Everyone who earns less than $125,000 a year – that is, most Australians – will get a bigger tax cut under Labor.
The AFR on page 4 had this table with an article ‘Realise your dreams’:
Update: This image from The Conversation shows the initial and final effect of the LNP’s tax policy:
It shows the LNP government initially targeting mainly those in the $50 to $100K incomes with some crumbs, and then later favouring later those above $90K.
This table from the AFR shows the step changes in the rates:
This one shows the difference in tax paid between now and 2024-25:
Update 2: From an AFR article Voters back debt reduction over tax cuts in May, looking at what voters want from the Budget:
Hospitals, Medicare, education, schools and infrastructure come out way ahead of personal and business tax cuts, which is Labor’s point. However, economic growth and employment is right up there. Turnbull is linking tax cuts, especially now for business, with economic growth and employment.
Wayne links Labor’s priorities with economic growth also, but the case is harder to make. We may find out to our sorrow if the economy goes pear-shaped and Turnbull’s promise that tax cuts would not be restored and ScoMo’s promise of limiting revenue to 23.9% of GDP remain in place.
3. Welcome to a police state?
Andrew Wilkie says that had the Espionage and Foreign Interference Bill been in place in 2003 when he alerted the Australian people that our government’s reasons for going to war in Iraq War were based on a lie, he would have faced 25 years in prison. When these laws pass, as they will with Labor’s support, protesting against the Adani mine could be deemed sabotage.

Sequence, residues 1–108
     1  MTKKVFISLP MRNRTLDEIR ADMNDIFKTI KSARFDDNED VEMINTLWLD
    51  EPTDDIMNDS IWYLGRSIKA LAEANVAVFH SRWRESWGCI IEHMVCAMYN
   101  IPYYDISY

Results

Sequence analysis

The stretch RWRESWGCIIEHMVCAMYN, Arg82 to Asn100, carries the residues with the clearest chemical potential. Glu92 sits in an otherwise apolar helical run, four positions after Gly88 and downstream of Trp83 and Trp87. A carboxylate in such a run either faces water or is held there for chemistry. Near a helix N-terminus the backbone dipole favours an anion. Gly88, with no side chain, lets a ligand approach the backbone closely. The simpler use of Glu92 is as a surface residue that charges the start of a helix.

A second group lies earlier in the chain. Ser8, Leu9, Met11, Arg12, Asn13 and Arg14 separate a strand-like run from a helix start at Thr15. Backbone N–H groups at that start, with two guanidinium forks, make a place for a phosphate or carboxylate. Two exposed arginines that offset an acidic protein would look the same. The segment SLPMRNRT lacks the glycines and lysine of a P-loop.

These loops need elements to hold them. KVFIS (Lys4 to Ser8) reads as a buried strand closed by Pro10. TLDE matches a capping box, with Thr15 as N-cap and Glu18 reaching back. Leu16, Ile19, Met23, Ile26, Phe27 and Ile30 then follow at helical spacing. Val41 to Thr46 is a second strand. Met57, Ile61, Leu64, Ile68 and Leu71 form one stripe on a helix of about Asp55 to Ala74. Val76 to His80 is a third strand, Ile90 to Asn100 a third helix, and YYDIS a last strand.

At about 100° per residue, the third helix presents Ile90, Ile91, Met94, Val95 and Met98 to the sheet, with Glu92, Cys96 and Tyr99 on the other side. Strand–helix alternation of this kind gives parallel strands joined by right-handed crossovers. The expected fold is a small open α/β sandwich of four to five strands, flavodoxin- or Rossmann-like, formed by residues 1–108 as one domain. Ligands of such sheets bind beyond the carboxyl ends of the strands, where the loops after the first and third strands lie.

Wilkie says the problem is that “national security” and “foreign interference” are so broadly defined they could mean almost anything.
Lenore Taylor agrees, and worries that journalists will feel intimidated, and hence self censor. Labor has had a ‘public interest’ defence included, but you need deep pockets for that to be any use.
- Five years ago I was one of the authors of a story revealing Australian intelligence agencies had spied on the Indonesian president Susilo Bambang Yudhoyono and his wife. The story was embarrassing for the Australian government and caused a short-term crisis in bilateral relations, but I firmly believe it was also in the public interest. Under these laws we would have been similarly exposed to criminal prosecution under the harsher laws.
Similar, that is, to Fairfax and the ABC reporting on alleged misbehaviour by special forces in Afghanistan.
We are meant to understand that the government will act with sensible restraint.
4. Indigenous treaty
Possibly the most important event of the past week was Victoria passing historic law to create Indigenous treaty framework.
Also the Melbourne electorate of Batman was renamed after the Indigenous activist William Cooper following a public campaign to rid it of its ties to a man accused of involvement in the massacre of Aboriginal people.
Radio National’s excellent Rear Vision program broadcast the first of three In the shadow of Terra Nullius: Part 1 invisibility to survival.
It explains how at the time of Federation the Indigenous population had sunk to about 100,000. They were viewed as an inferior race, as were all ‘primitive’ people, who would fade away, not fit for purpose in a civilised world.
Would that the founding fathers could listen to Megan Davis, Pro Vice-Chancellor Indigenous and Professor of Law at the University of New South Wales, talking with Tracey Holmes on The Uluru Statement one year on.
Davis was involved with organising the production of the Uluru statement. Totally impressive. They will prevail.